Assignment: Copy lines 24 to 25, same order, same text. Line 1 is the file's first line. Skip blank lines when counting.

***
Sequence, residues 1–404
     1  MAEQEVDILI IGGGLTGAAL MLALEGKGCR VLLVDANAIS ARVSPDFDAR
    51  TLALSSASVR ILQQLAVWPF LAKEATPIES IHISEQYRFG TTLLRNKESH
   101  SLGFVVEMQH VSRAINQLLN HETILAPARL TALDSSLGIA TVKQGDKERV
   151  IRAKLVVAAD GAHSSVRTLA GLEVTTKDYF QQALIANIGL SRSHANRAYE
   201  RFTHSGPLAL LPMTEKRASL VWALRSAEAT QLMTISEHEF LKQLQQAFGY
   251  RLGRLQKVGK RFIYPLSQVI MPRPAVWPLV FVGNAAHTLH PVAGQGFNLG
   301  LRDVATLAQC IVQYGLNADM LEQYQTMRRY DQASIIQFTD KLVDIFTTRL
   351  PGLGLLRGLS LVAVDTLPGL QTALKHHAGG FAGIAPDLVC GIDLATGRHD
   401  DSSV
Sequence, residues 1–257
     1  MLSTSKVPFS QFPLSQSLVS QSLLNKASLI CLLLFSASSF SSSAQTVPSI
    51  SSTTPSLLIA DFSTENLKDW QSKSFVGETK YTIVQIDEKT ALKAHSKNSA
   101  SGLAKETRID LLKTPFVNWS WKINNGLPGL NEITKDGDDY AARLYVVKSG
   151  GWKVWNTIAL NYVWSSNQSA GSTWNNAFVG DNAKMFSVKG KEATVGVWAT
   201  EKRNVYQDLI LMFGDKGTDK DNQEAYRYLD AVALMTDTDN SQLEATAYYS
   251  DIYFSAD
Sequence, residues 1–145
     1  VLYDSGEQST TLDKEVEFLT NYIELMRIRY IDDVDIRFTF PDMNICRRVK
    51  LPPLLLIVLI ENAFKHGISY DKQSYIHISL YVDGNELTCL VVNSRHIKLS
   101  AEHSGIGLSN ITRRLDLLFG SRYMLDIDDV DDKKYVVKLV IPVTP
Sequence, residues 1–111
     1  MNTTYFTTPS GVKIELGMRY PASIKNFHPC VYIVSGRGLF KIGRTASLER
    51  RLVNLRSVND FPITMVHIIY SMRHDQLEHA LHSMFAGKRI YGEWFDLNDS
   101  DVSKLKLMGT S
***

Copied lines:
    51  RLVNLRSVND FPITMVHIIY SMRHDQLEHA LHSMFAGKRI YGEWFDLNDS
   101  DVSKLKLMGT S